There is no right way to swing a golf club. Every golfer is unique, and I’ve always believed that each swing is like a fingerprint. That being said, there are certain fundamentals that can be met in order to make it easier to hit more golf shots in the direction you are aimed. Golf swing transition is one of those topics.
One part of the golf swing that I’ve seen many players struggle with (including myself) is their transition. The small amount of time that separates your backswing from your downswing can be crucial in determining the success of your shot.
A common flaw I’ve noticed is that many recreational golfers will have a tremendous difference in the rhythm of their backswing versus their downswing. If I had to take a stab at it, most players generally have very slow backswings, and then once they get to the transition things get hurried and they just can’t wait to get their club to the ball.
It’s similar to a roller coaster. You get this slow buildup as you reach the top, and then once you pass the highest point all hell breaks loose and you are speeding towards the bottom with reckless abandon.
Something is going wrong in the transition. It’s not smooth, it’s not balanced, and it’s certainly not consistent.
“I Got Quick”
Many people just refer to this as getting quick. It’s one of the defacto swing phrases often muttered at municipal golf courses.
While this phrase is certainly overused, I do believe there is more than a bit of truth to the idea that a golfer getting too quick at their transition can throw off the sequence of their swing, resulting in many positional errors that prevent them from success at impact.
There are always exceptions to any rule, especially when it comes to golf swings, but having a smooth, balanced swing certainly makes it easier to be a successful golfer.
It doesn’t guarantee success because there are plenty of golfers out there who can shoot great scores with wild looking swings. However, if you’re looking to improve I don’t think you can go wrong trying to improve these core issues.
What is the Right Golf Swing Transition?
Let’s get back to the idea of golf swing transition. If you watch many professional golfers you’ll notice that they have beautiful timing in their swing, and some of them will have a brief pause at the top. Some players’ pauses are extremely quick, and others seem to take forever, but it’s there.
Byron Nelson was one of the best examples of the distinct pause in the golf swing. Take a look, it’s a thing of beauty. You can see the club floating for a very brief moment.
If you go out to any golf course over the weekend you will notice that the swings have what I would describe as a “violent” transition.
Many players don’t even finish their backswing, which can be the result of nerves and a desire to smash the ball.
As stated earlier, there are always exceptions, but I believe you’ll have a much harder time hitting consistently good golf shots with a swing that has inconsistent timing.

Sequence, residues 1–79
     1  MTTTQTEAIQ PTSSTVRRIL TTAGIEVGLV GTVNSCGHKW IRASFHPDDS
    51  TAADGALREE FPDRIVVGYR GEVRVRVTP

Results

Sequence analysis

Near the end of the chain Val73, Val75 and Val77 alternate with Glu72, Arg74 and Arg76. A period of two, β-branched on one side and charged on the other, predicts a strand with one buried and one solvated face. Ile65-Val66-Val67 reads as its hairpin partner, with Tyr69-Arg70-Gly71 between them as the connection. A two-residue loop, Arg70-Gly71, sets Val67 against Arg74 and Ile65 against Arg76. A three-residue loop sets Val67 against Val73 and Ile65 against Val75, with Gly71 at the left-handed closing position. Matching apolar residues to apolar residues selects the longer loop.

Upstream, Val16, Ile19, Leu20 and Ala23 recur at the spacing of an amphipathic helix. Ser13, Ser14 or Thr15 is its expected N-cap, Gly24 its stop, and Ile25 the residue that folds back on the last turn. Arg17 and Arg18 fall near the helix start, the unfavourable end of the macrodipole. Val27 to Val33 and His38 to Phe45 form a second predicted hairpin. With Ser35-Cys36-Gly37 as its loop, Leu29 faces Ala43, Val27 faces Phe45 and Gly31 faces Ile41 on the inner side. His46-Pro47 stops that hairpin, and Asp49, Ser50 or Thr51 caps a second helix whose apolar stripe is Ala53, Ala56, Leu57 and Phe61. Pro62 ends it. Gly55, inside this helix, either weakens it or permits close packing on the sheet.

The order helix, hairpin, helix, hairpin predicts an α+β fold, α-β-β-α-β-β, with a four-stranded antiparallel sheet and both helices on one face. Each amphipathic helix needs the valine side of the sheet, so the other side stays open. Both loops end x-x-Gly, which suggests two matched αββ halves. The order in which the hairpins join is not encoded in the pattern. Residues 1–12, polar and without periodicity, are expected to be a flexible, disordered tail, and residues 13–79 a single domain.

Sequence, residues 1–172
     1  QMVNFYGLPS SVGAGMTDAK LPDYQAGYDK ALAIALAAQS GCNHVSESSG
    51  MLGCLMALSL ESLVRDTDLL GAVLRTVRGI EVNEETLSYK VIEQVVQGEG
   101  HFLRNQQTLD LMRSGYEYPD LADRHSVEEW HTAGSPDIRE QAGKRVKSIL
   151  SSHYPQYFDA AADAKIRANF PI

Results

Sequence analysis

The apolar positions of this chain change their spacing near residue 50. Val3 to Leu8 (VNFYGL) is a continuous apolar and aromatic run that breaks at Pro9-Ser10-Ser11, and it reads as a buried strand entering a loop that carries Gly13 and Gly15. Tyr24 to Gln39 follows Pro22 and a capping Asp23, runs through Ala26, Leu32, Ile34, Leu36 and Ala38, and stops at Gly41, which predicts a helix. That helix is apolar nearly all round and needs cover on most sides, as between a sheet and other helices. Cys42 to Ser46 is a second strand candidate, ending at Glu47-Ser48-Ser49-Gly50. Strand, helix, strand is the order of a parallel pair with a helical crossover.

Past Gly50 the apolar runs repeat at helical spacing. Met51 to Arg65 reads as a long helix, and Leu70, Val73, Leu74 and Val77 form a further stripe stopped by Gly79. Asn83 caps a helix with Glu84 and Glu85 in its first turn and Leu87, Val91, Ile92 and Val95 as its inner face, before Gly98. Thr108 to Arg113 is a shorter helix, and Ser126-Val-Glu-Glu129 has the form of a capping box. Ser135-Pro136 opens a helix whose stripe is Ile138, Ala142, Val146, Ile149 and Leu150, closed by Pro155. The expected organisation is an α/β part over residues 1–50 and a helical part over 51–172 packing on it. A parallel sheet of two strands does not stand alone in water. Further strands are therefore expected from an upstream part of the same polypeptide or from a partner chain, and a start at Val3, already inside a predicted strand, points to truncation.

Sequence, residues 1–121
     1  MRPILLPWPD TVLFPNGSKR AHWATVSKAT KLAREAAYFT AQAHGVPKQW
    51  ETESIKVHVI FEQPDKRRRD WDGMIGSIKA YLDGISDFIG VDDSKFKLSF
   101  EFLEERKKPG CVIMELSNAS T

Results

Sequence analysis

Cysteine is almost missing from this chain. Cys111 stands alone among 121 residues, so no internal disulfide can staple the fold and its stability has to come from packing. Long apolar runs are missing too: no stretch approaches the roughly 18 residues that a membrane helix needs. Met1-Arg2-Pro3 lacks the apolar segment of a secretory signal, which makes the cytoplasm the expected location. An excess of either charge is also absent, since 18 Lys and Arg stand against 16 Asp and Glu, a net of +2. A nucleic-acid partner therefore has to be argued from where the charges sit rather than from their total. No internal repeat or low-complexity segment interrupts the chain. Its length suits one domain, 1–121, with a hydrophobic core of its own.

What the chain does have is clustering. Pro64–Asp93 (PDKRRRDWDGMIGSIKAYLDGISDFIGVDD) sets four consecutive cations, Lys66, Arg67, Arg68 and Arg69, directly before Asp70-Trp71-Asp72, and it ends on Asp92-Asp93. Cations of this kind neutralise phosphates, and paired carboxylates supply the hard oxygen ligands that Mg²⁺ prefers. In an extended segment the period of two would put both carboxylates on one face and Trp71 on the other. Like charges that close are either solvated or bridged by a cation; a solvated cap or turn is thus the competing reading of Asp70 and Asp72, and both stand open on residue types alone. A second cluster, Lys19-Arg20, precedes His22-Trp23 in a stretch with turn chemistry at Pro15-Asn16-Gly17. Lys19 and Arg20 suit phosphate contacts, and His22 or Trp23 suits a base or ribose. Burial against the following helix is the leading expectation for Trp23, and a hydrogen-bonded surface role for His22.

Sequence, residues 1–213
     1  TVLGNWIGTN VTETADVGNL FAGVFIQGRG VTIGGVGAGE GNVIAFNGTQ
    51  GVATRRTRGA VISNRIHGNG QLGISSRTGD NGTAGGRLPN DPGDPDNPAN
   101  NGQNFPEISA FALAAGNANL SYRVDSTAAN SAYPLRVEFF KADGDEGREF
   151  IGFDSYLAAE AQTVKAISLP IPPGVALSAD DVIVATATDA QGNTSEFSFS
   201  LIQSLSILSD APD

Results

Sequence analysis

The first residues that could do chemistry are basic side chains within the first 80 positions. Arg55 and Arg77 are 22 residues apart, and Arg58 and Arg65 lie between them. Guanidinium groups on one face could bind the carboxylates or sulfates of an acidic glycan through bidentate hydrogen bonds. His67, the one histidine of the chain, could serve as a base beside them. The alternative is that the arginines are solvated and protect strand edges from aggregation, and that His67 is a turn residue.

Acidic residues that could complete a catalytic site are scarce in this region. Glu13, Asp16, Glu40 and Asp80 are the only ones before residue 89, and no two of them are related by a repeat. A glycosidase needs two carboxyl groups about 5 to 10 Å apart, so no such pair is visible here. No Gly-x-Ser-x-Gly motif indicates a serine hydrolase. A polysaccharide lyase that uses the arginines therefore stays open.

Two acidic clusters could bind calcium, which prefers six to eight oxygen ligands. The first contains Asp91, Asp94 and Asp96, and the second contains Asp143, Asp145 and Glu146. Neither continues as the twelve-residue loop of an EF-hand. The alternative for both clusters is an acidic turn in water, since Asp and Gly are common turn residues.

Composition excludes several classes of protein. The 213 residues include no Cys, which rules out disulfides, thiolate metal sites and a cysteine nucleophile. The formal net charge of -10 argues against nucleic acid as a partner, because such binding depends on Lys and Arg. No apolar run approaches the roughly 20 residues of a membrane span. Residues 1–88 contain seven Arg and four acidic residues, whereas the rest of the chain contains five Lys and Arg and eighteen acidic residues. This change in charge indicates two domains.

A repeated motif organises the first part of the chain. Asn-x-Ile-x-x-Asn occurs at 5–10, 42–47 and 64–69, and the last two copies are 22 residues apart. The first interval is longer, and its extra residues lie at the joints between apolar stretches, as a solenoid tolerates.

While I can’t guarantee improvement for everyone, if you introduce a slight pause, it just might help those of you reading this that are struggling at the top of your swing.
The pause can feel like the fraction of a second when you reach the top of a swing at the playground. It’s like taking a bucket full of water and trying to swing it back and forth without letting any spill out.
Things are balanced, timed well, and in sync. I like all of those feelings in a golf swing transition.
If you feel that you are someone who struggles with these issues, an easy drill you can try on the range is simply to exaggerate a pause. You can start with short shots with your wedges and work your way up to a full swing.
Start to feel like you aren’t rushing as much to get your club back to the ball. Let your backswing happen, and resist the urge to be on that roller coaster speeding towards the bottom.
Another Great Tool
I have struggled with the transition of my swing, and it’s mostly on tee shots because like you, I fall victim to wanting to kill the ball. It results in wildly inconsistent shots that make golf just a bit harder.
One tool that has been invaluable to constantly making me feel a smooth golf swing transition has been The Orange Whip. The second I began using it I started to feel the brief pause, and it quickly improved the quality of my driver swings (not to mention other clubs).
It’s very difficult to explain how to fix concepts like these, which is why drills and certain training aids can help golfers actually feel the fix. I don’t think you’ll find a better tool for getting that feel, and it’s why the best teachers and players in the world use this product.
To Pause or Not to Pause?
I can’t tell you if a distinct pause will fix your swing or not. And I certainly can’t tell you how long the pause should be, but to me it feels like the club is briefly floating in the air before I start my downswing. This is a topic that has been debated many times in the golf world, and of course you’ll have people taking both sides.
That’s why the practice range is a great place to experiment and try new things in your swing (rather than just doing the same thing over and over again).
Give the drill a shot, and certainly look into the Orange Whip for even more help.
This is a swing thought that has helped my game out tremendously, and some of the best golfers of all time have benefitted as well from it. It might be a nice addition to your game.